Of swine flu, pigs and a state fair

To date, federal monitoring has yet to turn up any U.S. pigs infected with the killer swine flu strain known as H1N1. But Agriculture Department Secretary Tom Vilsack announced yesterday that his agency’s veterinary labs would be reexamining whether any of the apparently healthy pigs exhibited in late August through early September at the Minnesota state fair might have been infected with the virus. Why? “An outbreak of 2009 pandemic H1N1 influenza occurred in a group of children housed in a dormitory at the fair at the same time samples were collected from the pigs,” USDA notes.

Currently, the agency has turned up “no direct link” between the fair’s pigs and the sick kids. Just to be sure, however, USDA will be rechecking tests on the pigs that were conducted during the fair as part of a University of Iowa and University of Minnesota cooperative agreement research project. It was funded by the U.S. Centers for Disease Control and Prevention, which probes for flu viruses at public venues where people and pigs may come into contact with each other.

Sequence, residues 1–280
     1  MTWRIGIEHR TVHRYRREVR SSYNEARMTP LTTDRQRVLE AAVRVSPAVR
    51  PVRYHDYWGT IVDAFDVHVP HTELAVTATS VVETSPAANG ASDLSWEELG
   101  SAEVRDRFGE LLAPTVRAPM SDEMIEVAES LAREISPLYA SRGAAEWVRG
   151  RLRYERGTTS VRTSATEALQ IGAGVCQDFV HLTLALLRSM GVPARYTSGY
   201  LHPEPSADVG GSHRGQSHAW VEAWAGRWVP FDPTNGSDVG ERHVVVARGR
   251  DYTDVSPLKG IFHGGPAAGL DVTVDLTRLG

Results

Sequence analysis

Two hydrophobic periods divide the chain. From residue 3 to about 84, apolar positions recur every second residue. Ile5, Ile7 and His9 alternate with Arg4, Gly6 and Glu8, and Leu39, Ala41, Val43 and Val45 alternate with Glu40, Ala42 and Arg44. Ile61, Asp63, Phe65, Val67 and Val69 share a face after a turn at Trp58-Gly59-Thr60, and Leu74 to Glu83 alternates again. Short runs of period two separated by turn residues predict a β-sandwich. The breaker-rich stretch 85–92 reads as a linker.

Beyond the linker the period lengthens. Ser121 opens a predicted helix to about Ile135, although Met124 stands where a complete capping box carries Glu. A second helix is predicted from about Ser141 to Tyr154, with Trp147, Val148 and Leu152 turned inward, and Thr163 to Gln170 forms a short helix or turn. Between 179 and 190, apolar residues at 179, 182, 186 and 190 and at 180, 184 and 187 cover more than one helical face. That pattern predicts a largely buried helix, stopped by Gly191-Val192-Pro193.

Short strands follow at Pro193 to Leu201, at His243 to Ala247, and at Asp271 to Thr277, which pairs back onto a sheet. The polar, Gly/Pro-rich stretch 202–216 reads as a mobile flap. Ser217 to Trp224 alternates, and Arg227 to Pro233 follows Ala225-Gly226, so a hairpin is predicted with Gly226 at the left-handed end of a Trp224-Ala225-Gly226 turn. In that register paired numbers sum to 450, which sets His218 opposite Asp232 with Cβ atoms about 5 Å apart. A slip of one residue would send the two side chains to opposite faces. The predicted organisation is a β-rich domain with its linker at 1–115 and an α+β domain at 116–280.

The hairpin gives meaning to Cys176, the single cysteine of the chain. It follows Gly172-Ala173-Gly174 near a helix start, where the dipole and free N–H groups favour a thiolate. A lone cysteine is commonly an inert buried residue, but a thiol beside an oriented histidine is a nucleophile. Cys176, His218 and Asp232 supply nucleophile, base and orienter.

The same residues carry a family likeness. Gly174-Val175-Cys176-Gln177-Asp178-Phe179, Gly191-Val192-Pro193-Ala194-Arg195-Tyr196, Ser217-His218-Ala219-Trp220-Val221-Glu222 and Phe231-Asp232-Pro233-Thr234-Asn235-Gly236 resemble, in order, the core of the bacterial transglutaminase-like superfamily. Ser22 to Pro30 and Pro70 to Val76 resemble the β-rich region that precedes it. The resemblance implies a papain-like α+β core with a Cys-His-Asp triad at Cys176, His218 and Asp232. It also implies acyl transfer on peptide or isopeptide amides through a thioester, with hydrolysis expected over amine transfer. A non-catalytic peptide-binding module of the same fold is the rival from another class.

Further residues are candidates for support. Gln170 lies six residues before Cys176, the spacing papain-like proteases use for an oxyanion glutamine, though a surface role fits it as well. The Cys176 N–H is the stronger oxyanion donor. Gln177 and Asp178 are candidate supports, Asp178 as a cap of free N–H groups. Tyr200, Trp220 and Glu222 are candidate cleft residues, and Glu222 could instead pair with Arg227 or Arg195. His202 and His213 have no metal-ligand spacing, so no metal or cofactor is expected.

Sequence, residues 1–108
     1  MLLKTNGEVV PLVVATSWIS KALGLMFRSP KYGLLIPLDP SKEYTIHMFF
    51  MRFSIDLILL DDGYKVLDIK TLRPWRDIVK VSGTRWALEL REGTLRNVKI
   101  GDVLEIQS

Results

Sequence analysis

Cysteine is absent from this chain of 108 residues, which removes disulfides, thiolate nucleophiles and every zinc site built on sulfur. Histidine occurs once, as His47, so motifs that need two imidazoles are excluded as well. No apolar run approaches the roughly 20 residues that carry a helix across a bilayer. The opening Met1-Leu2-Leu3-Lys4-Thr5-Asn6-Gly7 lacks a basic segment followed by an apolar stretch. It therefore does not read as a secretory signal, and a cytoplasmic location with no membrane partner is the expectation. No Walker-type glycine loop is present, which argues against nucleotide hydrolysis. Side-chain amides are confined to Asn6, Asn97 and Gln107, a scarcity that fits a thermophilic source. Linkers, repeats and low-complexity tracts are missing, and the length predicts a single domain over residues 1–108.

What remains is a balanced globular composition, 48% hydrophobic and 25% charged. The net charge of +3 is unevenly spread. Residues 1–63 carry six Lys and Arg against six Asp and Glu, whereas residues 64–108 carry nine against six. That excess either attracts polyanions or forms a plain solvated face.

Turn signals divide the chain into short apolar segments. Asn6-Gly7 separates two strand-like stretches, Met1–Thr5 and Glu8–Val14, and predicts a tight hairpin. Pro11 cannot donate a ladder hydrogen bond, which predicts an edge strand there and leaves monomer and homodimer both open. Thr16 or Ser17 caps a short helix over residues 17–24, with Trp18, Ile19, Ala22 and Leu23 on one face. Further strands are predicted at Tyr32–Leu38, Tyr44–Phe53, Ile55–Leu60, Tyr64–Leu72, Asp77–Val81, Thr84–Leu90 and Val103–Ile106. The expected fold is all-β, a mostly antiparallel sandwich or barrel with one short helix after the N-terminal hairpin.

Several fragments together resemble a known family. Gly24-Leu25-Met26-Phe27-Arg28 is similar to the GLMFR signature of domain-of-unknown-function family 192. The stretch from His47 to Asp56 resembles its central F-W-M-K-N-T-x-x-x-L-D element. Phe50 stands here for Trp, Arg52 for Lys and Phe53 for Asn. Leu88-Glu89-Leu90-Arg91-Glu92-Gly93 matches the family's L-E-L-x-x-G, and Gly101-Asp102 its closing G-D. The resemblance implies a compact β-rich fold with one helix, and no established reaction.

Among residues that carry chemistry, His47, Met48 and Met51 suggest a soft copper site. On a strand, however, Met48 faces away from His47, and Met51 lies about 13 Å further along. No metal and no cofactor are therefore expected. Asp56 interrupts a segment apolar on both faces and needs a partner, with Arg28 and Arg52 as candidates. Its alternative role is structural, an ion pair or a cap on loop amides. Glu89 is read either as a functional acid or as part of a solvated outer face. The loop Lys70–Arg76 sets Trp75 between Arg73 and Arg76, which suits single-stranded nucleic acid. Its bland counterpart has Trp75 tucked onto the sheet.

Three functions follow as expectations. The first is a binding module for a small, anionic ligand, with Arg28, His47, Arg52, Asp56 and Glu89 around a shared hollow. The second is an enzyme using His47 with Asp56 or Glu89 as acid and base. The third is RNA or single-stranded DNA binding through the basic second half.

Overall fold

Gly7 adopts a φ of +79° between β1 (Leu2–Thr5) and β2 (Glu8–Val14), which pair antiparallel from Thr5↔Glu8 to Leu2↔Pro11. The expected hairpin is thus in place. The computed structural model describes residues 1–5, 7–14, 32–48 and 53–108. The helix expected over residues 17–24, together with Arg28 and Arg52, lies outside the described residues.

“I want to remind people that they cannot get this [H1N1] flu from eating pork or pork products,” said Vilsack. But the virus can be spread through feces. So if people cleaning up after infected pigs don’t adequately wash their hands, or if people pet infected animals, there’s a chance for the spread of infection.

USDA hopes to confirm the health of the exhibited Minnesota pigs within a few days.

UPDATE: U.S. swine infected with swine flu

Janet Raloff is the Editor, Digital of Science News Explores, a daily online magazine for middle school students. She started at Science News in 1977 as the environment and policy writer, specializing in toxicology. To her never-ending surprise, her daughter became a toxicologist.

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